An explanation must be provided in Threshold cases where it is possible to resolve identification issues within the PACE clock. Failure to assess identification issues promptly could mean that a charging decision is deferred or cannot be made at all.
In all Full Code cases, key evidence must be available at the point of charge, this includes identification evidence where disputed.
Part A – The suspect disputes being the person identified by a witness
Statements (or video recorded interviews) must be provided as part of the charging referral and should contain the information required in accordance with The Turnbull Guidelines allowing a proper assessment by the reviewing lawyer.
- details of first descriptions of suspects,
- whether the witness description matches the suspect and whether is there a material discrepancy, between the description given and actual appearance of the suspect,
- time lapse between original observation and subsequent identification (with an explanation),
- suspect’s home address, connections to the area, other information which may provide a connection between suspect and the offence location.,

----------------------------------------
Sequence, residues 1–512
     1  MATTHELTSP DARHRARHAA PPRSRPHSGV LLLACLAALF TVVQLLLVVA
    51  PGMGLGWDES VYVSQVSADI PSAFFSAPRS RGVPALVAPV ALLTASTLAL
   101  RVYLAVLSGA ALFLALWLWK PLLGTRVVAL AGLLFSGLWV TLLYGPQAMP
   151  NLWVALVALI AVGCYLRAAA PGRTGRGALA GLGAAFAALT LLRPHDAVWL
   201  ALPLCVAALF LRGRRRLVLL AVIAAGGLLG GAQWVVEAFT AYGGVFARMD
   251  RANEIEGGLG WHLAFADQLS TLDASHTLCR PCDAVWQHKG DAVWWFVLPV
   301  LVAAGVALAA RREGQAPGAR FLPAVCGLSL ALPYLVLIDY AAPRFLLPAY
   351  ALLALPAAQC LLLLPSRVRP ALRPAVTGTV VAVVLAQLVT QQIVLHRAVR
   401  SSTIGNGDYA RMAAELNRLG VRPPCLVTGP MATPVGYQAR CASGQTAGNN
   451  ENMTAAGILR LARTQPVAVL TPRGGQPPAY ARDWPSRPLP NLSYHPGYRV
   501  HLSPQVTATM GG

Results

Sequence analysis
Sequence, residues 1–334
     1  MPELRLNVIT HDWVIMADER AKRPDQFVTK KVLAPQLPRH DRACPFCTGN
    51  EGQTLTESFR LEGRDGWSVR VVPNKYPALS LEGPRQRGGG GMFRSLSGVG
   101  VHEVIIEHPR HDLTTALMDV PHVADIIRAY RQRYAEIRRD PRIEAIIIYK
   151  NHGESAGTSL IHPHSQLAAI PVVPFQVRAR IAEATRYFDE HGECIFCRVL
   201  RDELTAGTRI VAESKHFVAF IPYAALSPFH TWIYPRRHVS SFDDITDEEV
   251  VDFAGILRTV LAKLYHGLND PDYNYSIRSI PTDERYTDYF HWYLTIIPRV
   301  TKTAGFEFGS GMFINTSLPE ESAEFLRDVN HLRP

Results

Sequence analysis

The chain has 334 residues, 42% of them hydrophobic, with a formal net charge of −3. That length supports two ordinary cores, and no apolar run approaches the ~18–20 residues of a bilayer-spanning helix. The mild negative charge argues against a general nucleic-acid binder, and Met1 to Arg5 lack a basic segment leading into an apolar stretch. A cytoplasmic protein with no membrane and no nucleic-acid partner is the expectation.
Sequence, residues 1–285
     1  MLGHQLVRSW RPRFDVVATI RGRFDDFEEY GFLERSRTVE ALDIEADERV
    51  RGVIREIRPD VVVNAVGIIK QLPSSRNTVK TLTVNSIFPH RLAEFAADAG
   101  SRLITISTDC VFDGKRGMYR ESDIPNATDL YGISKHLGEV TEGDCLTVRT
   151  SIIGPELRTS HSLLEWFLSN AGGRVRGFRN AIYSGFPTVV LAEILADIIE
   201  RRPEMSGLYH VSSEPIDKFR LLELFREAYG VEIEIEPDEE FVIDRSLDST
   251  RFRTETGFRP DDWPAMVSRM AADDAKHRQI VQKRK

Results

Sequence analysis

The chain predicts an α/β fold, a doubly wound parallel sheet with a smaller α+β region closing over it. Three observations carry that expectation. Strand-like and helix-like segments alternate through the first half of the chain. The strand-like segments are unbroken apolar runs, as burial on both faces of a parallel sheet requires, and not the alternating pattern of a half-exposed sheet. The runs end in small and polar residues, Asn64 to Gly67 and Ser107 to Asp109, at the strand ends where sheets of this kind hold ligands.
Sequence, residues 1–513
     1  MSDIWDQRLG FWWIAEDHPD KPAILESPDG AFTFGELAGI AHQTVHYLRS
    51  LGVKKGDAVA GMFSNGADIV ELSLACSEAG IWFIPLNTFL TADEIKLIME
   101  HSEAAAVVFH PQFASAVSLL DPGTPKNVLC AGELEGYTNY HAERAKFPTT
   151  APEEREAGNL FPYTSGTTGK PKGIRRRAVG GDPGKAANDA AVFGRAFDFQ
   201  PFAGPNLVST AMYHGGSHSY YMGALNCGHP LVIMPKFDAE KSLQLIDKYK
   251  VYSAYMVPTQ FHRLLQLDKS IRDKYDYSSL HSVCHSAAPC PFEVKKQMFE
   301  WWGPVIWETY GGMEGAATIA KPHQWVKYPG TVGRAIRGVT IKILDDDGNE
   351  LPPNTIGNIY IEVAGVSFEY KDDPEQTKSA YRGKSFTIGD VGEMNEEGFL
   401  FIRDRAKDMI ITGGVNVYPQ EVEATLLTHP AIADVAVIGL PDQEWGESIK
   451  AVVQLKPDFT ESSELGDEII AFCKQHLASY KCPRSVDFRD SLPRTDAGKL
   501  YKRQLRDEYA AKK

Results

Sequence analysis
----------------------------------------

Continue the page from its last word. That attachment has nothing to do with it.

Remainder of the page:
- whether identification has been put to the suspect in interview.
In recognition cases witness statements should address:
- how long witness has known suspect,
- the nature of their relationship with the suspect,
- how often the witness has seen the suspect and in what circumstances,
- when witness last saw the suspect,
- whether the suspect’s appearance has changed since last seen,
- how suspect’s name is known to witness.
In street identification cases, the referral needs to include details of first descriptions of suspect and statements from identifying witnesses and officers dealing with the initial identification.